A man by the name of B.F. Skinner changed the way we looked at behaviors. As a graduate student at Harvard (Goldstein, 2011, p. 10) he presented an approach that is still used today. This was the time of behaviorism, in American psychology, when psychologists were shifting their focus to the study of behavior from the study of the mind.
I have worked in schools and for private companies as a behavior technician. A behavior technician works with those who have behavioral issues. I would observe their behaviors and record data. From that data I would identify the functions of the behaviors and come up with a plan to decrease the undesired behaviors and reinforce the positive behaviors. As a behavior technician I have used the works of B.F Skinner and his idea of operant conditioning. B.F. Skinner introduced operant conditioning, which observed how the use of reinforcement strengthens behavior. (Goldstein, 2011, p. 10) As a behavior technician I used operant conditioning to help increase the positive behavior and decrease the undesired behavior.
I worked with a student who had verbal outbursts, yelling or screaming above speaking level, every one and a half minutes. This behavior was very disruptive to their opportunity to learn while in class. To strengthen the appropriate behavior they were reinforced every 45 seconds for having a quiet voice, which meant no verbal outbursts. The verbal outburst behavior began to decrease slightly by the end of the day. This reinforcement was continued for weeks until the outbursts were close to one every two hours.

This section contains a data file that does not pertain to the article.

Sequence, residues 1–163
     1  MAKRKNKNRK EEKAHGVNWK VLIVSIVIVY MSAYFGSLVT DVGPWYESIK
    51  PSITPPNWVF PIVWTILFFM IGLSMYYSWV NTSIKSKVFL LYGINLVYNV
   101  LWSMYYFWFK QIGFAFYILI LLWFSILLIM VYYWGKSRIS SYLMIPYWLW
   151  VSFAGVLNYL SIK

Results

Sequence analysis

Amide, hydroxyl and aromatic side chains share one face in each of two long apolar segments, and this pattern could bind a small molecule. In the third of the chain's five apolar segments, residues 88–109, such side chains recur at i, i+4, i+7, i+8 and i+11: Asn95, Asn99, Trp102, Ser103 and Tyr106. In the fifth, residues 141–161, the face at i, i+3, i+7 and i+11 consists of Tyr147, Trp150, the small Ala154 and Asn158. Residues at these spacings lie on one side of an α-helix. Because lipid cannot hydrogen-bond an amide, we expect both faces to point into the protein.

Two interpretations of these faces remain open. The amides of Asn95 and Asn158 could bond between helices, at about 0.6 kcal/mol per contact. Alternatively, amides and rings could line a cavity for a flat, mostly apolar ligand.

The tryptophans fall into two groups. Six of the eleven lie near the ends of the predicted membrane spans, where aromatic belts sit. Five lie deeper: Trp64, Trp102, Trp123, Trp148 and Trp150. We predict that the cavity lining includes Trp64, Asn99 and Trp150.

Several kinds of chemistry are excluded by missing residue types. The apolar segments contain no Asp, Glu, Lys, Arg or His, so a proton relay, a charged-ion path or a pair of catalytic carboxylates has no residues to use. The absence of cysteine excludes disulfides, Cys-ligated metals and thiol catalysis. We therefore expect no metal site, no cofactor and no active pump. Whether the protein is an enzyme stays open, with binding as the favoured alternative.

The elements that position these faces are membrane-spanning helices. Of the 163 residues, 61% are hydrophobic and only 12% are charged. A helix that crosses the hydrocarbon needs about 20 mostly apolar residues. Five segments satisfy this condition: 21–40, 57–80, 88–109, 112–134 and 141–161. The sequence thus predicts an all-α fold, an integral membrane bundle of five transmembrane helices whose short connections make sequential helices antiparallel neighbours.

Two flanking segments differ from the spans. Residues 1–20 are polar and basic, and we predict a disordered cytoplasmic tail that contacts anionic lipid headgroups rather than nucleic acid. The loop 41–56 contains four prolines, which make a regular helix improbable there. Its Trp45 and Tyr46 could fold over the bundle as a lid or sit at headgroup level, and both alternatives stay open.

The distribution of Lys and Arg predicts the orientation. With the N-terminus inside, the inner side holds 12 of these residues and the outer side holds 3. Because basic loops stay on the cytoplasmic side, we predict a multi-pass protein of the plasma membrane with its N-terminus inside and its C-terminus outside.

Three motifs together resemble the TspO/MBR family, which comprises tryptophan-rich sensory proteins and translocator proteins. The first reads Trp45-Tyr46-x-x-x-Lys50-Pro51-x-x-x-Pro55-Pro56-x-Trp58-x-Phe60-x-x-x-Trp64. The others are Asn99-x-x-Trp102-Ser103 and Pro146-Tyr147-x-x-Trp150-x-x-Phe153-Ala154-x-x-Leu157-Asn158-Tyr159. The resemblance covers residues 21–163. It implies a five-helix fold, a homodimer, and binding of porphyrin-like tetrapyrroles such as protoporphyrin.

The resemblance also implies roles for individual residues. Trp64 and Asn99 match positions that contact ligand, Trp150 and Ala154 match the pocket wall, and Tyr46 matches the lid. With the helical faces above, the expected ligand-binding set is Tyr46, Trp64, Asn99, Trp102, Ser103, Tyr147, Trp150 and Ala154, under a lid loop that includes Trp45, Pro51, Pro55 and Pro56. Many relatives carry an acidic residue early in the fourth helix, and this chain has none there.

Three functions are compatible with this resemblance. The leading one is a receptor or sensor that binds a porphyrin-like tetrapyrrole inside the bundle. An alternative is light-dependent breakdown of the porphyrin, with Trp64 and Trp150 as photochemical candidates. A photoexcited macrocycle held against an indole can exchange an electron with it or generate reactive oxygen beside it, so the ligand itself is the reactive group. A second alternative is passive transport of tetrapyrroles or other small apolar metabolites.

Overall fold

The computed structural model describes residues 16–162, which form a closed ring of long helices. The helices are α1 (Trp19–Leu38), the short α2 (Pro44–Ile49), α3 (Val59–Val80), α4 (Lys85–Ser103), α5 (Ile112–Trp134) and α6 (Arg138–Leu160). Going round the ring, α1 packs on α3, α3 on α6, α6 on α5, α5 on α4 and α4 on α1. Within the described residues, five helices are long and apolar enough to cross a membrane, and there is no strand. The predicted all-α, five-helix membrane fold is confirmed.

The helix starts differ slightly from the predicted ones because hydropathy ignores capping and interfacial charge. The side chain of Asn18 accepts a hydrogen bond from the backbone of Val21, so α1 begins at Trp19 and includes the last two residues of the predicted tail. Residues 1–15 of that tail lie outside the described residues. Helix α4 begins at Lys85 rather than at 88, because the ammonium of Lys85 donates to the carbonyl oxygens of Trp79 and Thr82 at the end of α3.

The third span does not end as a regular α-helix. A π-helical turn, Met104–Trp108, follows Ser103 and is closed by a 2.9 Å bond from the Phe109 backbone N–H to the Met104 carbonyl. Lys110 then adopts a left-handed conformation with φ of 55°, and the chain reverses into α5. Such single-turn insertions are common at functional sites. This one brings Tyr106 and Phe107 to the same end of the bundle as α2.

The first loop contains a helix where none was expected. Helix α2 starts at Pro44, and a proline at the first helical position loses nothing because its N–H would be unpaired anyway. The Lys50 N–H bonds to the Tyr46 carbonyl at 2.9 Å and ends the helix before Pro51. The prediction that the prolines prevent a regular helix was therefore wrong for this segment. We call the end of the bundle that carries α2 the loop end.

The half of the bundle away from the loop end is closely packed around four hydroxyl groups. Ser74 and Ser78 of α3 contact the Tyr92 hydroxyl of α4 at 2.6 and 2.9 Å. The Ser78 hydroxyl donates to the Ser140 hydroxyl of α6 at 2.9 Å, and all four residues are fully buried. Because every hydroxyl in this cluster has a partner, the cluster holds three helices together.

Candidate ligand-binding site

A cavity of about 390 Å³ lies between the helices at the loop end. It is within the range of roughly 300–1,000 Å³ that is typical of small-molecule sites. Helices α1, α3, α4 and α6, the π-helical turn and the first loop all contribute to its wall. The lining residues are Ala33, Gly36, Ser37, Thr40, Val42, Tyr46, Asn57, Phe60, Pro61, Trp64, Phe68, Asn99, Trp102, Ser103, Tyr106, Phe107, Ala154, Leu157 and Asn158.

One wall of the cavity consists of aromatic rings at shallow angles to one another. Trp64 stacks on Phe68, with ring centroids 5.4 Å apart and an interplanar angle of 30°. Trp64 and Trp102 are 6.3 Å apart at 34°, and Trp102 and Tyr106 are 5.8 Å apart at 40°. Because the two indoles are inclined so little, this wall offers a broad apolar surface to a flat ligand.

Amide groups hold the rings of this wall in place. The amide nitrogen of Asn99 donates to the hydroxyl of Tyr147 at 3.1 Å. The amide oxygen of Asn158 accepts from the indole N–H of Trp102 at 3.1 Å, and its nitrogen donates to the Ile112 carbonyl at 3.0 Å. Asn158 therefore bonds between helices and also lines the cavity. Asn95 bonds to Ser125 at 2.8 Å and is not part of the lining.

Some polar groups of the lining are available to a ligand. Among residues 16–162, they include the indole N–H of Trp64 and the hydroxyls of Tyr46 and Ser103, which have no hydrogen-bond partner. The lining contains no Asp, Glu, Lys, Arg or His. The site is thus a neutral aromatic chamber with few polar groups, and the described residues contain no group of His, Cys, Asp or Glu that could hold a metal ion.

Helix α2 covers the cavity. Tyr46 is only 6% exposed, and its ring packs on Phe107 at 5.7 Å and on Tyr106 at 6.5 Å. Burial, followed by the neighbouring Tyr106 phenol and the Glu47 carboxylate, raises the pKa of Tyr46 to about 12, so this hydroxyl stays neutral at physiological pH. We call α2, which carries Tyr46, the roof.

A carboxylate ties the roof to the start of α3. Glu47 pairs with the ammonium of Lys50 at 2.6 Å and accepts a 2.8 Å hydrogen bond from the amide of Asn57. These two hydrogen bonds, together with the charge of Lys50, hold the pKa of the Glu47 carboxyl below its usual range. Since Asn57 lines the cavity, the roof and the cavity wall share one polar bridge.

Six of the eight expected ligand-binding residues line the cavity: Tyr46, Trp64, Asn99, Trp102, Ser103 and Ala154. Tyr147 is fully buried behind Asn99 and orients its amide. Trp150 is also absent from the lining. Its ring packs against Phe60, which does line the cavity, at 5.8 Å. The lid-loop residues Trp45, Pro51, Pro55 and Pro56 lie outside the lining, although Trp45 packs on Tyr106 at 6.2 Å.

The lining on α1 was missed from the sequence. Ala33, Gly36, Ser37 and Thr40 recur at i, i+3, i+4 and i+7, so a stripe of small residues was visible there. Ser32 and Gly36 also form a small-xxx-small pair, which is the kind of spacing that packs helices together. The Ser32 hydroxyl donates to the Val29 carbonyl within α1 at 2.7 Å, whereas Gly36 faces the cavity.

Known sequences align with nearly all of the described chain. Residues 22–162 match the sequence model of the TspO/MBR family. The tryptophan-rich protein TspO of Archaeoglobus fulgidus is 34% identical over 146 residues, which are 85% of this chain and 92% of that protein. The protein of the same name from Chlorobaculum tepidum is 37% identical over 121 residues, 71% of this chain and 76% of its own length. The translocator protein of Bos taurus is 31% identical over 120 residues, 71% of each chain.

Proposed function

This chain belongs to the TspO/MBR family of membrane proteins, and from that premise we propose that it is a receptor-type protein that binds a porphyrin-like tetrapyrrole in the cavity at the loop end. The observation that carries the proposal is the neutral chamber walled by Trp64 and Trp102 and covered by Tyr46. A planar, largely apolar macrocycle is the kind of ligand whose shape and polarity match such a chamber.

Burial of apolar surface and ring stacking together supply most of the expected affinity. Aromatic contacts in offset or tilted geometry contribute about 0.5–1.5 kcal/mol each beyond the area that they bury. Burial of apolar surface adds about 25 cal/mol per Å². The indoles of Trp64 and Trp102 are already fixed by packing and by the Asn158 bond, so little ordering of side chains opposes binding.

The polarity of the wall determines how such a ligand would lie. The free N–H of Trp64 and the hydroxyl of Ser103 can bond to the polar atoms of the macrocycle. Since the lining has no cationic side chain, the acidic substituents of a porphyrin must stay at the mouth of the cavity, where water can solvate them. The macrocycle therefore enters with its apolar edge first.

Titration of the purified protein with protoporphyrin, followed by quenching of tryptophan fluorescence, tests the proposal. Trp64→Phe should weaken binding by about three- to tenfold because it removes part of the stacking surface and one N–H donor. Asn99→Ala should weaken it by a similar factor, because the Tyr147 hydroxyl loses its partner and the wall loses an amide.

There are other additions to the study of behavior that B.F. Skinner has given us since the 1938 introduction of operant conditioning, but this is where it all stems from. (Goldstein, 2011, p. 11) Operant conditioning allows us to increase the desired behavior with reinforcement. When the undesired behavior is not reinforced it tends to decrease. This technique is used in classrooms that have students with behavioral issues, residential programs with those with intellectual disabilities and with those with autism. It is not limited to just these populations but these are just a few to name that staff are increasing positive behavior using operant conditioning.
Goldstein, E. (2011). Introduction to Cognitive Psychology. In Cognitive psychology: Connecting mind, research, and everyday experience (3rd ed., p. 10-11). Wadsworth Cengage Learning.